I need to get the distinct sums of naturals of a natural

What I came up with is:

type Sum = Stream[Int] //should maintain the invariant that
                       //* all Ints are positive
                       //* is non-strictly decreasing
                       //* is non-empty

def makesums(i: Int): Stream[Sum] = {

  /* Schmear will try to "schmear" a sum by decreasing the first number by one,
  and adding one again in the first position that won't violate the above invariants.
  This is possible when the stream is not all 1's, and the above invariants are met for
  the argument.

  returns an Option[Sum], which is Some(schmeared) if the above is possible,
  and None otherwise.

  def schmear(sum: Sum): Option[Sum] = sum match {
    //if we can decrease the head and increase the next element while
    //staying ordered, do that
    case head #:: s #:: tail if (head - 1 >= s + 1) =>
      Some((head - 1) #:: (s + 1) #:: tail)

    //otherwise, if the head is only one larger than the second element, do the same,
    //but smear the tail, restoring the invariant
    case head #:: s #:: tail if head > s =>
      schmear((s + 1) #:: tail).map(nt => (head - 1) #:: nt)

    //otherwise, if there are at least two elements, just schmear the tail, 
    //and keep the orignal head
    case head #:: s #:: tail =>
      schmear(s #:: tail).map(nt => head #:: nt)

    //otherwise, if the head is larger than 1, decrease by 1, and put a 1 at the end
    case head #:: tail if (head > 1) =>
      Some((head - 1) #:: tail  #::: Stream(1))

    //otherwise, it's not possible.
    case _ => None

  def rec(sum: Sum): Stream[Sum] = {
    schmear(sum) match {
      case Some(schmeared) => sum #:: rec(schmeared)
      case None            => Stream(sum)

  //initiate the recursive algorithm with the sum of the identity    

Using this:


List(List(5), List(4, 1), List(3, 2), List(2, 2, 1), List(2, 1, 1, 1), List(1, 1, 1, 1, 1))

Going through the algorithm:

  • Stream(5) takes case 4, yielding Stream(4, 1)
  • Stream(4, 1) takes case 1, yielding Stream(3, 2)
  • Stream(3, 2) takes case 2, starting with (3 - 1) = 2, and recurses with Stream(2 + 1) for the tail
    • Stream(3) takes case 4, yielding Stream(2, 1)
  • yielding Stream(2, 2, 1)
  • Stream(2, 2, 1) takes case 3, starting with 2, and recurses with Stream(2, 1)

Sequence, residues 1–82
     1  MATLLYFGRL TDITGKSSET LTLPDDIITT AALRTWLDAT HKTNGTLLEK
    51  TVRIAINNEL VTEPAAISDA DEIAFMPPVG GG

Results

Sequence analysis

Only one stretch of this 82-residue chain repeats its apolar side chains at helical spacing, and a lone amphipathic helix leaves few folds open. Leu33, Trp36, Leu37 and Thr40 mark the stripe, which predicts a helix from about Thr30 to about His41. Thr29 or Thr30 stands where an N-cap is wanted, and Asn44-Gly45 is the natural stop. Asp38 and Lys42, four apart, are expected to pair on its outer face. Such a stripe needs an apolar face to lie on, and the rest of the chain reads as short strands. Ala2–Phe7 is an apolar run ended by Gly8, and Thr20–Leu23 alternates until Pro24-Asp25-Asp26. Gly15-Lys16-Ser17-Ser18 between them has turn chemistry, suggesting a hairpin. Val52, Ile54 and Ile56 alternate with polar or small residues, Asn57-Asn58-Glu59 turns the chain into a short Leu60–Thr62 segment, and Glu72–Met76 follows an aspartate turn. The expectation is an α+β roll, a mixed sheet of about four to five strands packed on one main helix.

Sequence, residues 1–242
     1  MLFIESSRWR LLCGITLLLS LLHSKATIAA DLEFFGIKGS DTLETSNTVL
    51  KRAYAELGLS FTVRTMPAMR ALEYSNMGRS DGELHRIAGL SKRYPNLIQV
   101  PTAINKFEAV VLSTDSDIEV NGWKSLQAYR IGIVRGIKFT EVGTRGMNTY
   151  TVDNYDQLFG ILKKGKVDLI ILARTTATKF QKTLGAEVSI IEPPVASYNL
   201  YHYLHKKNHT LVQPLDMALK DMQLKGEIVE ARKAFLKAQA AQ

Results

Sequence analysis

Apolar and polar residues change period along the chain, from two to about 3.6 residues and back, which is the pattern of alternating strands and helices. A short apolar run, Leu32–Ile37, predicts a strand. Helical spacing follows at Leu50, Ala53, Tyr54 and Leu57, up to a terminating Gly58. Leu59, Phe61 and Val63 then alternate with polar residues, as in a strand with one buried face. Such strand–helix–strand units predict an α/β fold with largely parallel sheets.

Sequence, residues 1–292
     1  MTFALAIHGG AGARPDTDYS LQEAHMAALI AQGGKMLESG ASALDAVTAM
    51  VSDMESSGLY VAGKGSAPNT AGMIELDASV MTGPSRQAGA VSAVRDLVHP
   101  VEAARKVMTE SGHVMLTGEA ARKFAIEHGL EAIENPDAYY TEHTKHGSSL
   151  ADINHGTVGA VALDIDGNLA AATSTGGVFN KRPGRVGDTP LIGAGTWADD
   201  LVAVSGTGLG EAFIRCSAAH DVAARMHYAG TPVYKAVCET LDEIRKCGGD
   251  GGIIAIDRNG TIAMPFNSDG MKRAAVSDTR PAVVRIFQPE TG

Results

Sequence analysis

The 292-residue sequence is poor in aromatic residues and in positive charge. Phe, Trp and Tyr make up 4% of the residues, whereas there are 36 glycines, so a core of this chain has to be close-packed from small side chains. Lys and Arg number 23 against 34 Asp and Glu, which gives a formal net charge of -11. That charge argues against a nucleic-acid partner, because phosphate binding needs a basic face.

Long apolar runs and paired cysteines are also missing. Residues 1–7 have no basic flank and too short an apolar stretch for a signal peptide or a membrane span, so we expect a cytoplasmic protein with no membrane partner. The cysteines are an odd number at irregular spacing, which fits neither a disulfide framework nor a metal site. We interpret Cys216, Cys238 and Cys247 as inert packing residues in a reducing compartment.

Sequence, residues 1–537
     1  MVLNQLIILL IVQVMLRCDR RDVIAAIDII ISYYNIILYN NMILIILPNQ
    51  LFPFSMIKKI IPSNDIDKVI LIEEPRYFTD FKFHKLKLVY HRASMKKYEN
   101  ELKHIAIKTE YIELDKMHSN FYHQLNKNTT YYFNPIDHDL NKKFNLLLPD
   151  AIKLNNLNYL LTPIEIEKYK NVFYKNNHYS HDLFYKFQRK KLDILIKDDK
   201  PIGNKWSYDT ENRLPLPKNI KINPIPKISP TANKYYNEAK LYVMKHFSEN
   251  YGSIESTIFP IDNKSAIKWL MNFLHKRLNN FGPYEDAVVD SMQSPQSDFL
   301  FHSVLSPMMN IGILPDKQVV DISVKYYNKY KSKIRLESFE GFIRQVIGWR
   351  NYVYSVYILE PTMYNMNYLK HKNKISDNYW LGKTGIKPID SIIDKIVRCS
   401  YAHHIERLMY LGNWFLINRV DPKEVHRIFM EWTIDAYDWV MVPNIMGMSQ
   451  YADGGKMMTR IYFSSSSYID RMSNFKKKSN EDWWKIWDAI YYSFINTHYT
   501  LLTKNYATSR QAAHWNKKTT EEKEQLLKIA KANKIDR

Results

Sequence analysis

• Stream(2, 1) takes case 2, starting with (2 - 1) = 1, and recurses with Stream(2) for the tail
    • Stream(2) takes case 4, yielding Stream(1, 1)
    • yielding Stream(1, 1, 1)
  • yielding Stream(2, 1, 1, 1)
  • Stream(2, 1, 1, 1) takes case 2, taking 1 for the head, and recursing with Stream(2, 1, 1) for the tail
    • keep taking case 2 until you heave Stream(2)
    • Stream(2) takes case 4, yielding Stream(1, 1)
  • yielding Stream(1, 1, 1, 1, 1)

but if feels really complicated. In particular, having 5 different cases for the schmearing, which seems way more complicated than describing what you do.

What can I do to simplify this?

  • 1
    \$\begingroup\$ Have a look what's going on: decrease number "preceding the first drop", increase first number after a drop of at least two, append one if no such drop exists. \$\endgroup\$ – greybeard Jan 3 '16 at 13:10

Apart from the five cases you have to distinguish, there is a more severe problem with the code as it is: It misses some sums. In your example of sums adding up to 5 it is the sum 3+1+1 that is missed. The higher the number, the more sums will be missed.

The reason is that your algorithm greedily "schmears" down one from the first number whenever possible. However, this should only happen if the rest of the sum can not be schmeared anymore. So in your example you have 3+2 and you try to reduce the 3 instead of splitting up the 2 first.

If you fix that, an important consequence is that it is not sufficient to modify the sum by schmearing alone, but you have to "reset" parts of it it occasionally. If you go from 3+2 to 3+1+1, you cannot reach 2+2+1 anymore by schmearing.

A better strategy is trying to schmear the tail first and only if this is not possible anymore, reduce the first number and reset the tail to the most compact form not violating your invariants. This is what uniformSum does in the following listing. Lets say your total is 10 and you reduce the first number to 3, then it sets the sum to 3+3+3+1.

type Sum = List[Int]

def sums(n: Int): Stream[Sum] = schmearStream(List(n))

def schmearStream(sum: Sum): Stream[Sum] =
  sum #:: (schmear(sum) map (schmearStream(_)) getOrElse Empty)

def schmear(nums: Sum): Option[Sum] =
  if (nums.isEmpty || nums.head == 1) None
  else schmear(nums.tail) match {
    case Some(schmearedTail) => Some(nums.head :: schmearedTail)
    case None => Some(uniformSum(nums.sum, nums.head - 1))

def uniformSum(sum: Int, num: Int): Sum = {
  val rest = sum % num
  List.fill(sum / num)(num) ::: (if (rest == 0) Nil else List(rest))

You also see that it is sufficient to distinguish fewer cases because you don't need a lookahead of 2. As long we don't have an unschmearable sum (empty or starts with 1), we only care if we can schmear the tail or not.

I tried to write it in a very compact form. If you think a function should be more verbose for the sake of better readability, please let me know.